6. Christendom? Count me in!
7. I'm not sure Anglicanism is working for me.
8. Sure you can filch patristic milk for a while, but you should buy the cow eventually.
9. Did you ever get the sense that more of us should have become pastors or missionaries?
10. Hello! [contains too much hell]
11. While it's the early Kinkade that most moves me, I'm convinced the best is yet to come.

Grammy and Grandpa Tim Come to Town

A little over a week ago, we had the pleasure again of hosting my parents for a weekend. I'm not sure how many trips to Ann Arbor they've made in the almost 7 years in which I've lived here, but it's enough that there are not a lot of things left to show them.

Nevertheless, there were a few. After a couple years now of Rachel hearing from me how great Chelsea's Common Grill is, we all went out to experience this gem together (thanks, in part, to Deb and Corey Mantel). Yummy warm chocolate fallen cake was had, and a nice tour of the village of Chelsea ensued. We also got to introduce my parents to Mochi ice cream and an obligatory trip to bubble tea was also enjoyed.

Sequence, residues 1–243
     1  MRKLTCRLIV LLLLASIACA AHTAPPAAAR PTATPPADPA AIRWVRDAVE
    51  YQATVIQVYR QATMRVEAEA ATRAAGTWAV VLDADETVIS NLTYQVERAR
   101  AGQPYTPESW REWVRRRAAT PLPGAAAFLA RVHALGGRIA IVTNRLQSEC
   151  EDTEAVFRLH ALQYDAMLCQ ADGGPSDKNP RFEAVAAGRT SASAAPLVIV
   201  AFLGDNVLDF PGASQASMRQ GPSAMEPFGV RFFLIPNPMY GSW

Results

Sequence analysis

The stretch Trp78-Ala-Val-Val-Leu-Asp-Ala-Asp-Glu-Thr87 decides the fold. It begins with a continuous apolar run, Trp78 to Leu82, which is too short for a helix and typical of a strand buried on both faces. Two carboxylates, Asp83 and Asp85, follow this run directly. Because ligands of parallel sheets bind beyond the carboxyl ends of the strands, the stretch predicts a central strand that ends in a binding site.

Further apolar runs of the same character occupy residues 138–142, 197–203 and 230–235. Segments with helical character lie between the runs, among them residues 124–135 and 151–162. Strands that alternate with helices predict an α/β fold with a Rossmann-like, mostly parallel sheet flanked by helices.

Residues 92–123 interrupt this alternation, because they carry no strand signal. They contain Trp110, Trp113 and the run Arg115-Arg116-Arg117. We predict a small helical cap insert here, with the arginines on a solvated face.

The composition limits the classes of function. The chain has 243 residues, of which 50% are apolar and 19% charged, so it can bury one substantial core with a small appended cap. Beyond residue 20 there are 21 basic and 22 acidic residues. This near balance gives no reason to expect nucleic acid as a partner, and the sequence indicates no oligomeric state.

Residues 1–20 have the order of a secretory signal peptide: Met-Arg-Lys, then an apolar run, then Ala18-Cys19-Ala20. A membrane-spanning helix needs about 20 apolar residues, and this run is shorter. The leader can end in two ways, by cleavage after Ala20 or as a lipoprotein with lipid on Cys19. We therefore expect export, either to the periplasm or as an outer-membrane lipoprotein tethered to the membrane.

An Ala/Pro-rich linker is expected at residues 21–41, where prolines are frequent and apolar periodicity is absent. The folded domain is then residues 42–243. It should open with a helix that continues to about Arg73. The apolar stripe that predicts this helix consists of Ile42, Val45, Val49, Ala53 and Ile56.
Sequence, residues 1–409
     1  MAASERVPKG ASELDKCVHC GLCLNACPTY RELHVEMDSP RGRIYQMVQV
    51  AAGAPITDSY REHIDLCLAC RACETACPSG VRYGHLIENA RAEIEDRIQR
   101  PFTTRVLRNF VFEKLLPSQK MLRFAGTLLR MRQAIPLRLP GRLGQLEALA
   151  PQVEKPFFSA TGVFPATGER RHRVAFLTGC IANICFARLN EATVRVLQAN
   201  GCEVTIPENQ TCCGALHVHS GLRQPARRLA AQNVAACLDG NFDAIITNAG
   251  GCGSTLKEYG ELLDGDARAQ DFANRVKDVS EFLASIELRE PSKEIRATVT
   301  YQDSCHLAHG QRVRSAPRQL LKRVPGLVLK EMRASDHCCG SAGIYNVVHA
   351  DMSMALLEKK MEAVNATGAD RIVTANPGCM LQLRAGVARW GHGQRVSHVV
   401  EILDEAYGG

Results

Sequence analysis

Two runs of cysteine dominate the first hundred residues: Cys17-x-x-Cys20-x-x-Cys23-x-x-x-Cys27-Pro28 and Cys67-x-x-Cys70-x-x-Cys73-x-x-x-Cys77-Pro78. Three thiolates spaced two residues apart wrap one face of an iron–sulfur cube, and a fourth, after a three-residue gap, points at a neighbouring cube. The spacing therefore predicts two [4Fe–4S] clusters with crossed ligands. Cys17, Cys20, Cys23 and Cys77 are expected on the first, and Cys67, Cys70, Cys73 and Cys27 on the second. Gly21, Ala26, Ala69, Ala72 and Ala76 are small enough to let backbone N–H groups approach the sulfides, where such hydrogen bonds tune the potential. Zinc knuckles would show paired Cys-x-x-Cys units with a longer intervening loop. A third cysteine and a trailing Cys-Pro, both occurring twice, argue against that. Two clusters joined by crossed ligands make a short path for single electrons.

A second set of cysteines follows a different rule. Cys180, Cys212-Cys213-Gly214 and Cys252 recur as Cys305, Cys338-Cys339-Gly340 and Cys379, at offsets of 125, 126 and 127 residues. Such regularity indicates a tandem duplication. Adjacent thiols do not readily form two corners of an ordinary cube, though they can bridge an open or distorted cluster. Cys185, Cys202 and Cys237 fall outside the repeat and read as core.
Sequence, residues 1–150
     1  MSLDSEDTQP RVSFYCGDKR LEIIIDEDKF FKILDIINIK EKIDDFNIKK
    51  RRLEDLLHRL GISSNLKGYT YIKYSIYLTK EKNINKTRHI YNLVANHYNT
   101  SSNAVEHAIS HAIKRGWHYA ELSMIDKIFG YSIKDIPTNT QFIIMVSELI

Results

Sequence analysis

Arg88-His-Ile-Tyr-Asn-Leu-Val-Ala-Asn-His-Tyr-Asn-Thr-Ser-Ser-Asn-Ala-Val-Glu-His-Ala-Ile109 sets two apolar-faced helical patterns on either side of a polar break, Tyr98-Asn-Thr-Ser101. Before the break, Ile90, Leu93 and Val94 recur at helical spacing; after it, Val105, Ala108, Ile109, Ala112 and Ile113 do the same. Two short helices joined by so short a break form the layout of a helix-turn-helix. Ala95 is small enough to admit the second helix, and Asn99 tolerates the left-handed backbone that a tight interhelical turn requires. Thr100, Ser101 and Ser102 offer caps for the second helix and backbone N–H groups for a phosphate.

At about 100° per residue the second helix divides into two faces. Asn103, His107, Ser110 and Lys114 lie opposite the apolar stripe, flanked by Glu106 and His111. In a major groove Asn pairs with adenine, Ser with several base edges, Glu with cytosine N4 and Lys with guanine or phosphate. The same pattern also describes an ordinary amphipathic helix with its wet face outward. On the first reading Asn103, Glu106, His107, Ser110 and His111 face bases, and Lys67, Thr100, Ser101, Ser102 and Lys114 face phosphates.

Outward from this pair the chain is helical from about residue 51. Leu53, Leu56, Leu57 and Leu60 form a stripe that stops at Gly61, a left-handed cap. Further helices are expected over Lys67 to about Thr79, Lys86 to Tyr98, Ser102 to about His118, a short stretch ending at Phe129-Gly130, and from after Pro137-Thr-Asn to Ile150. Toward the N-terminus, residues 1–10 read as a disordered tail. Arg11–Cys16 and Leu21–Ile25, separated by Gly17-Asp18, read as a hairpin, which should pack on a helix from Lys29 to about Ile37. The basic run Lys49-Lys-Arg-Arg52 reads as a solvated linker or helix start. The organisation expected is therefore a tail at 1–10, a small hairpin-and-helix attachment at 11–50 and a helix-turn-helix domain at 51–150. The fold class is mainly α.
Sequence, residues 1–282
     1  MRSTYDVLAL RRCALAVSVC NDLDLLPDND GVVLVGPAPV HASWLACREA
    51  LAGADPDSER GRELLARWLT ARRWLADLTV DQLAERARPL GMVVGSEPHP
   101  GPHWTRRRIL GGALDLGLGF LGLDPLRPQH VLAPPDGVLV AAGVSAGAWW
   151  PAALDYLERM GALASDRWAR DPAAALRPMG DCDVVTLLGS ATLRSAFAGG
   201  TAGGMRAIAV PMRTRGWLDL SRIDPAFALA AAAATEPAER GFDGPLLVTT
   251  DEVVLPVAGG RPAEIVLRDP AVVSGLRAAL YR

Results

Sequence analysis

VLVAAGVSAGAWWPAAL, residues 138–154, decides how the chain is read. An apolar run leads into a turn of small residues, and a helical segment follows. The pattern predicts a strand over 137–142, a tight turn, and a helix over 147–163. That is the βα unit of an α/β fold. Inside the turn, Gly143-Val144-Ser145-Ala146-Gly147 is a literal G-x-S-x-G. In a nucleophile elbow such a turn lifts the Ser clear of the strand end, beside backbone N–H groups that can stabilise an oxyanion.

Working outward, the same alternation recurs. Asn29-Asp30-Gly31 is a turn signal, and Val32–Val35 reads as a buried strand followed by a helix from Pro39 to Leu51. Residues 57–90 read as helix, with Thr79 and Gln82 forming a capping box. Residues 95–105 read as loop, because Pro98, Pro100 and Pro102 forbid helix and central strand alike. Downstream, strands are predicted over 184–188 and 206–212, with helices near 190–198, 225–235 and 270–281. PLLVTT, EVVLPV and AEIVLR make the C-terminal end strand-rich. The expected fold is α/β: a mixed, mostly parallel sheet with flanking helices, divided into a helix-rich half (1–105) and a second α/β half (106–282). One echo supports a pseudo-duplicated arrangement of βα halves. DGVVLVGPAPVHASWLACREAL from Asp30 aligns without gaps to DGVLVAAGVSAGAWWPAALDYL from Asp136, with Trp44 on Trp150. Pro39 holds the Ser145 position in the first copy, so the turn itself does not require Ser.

We also took a trip to the hospital, so that Rachel could show off our baby girl to my parents (who have been officially christened Grammy and Grandpa Tim in their grandparent roles), via her mad ultrasound skills. A good chunk of the rest of the weekend was absorbed in the dishwasher adventure already chronicled, but overall it was a wonderful trip. Thanks for making the drive. =)


The Final Appliance

When one moves into a new house, one expects to eventually replace a few things in said house (which usually isn’t brand new). Over the course of the past 34 months in which we’ve lived in this house, we have replaced every appliance except for one. First went the washer and dryer (the washer didn’t technically break, but it did take about 30 minutes to fill up with water before the load could start). Then we decided to replace the stove, which was filthy and looked like it was from the 70s. We actually found tons of peanut shells under the top of the stove when moving it out of the house. Next came the hot water heater and sump pump, which broke when we were in Bangladesh. The biggest blow was struck this fall when our boiler kicked the bucket the first week we turned it on. Big bucks to replace that one.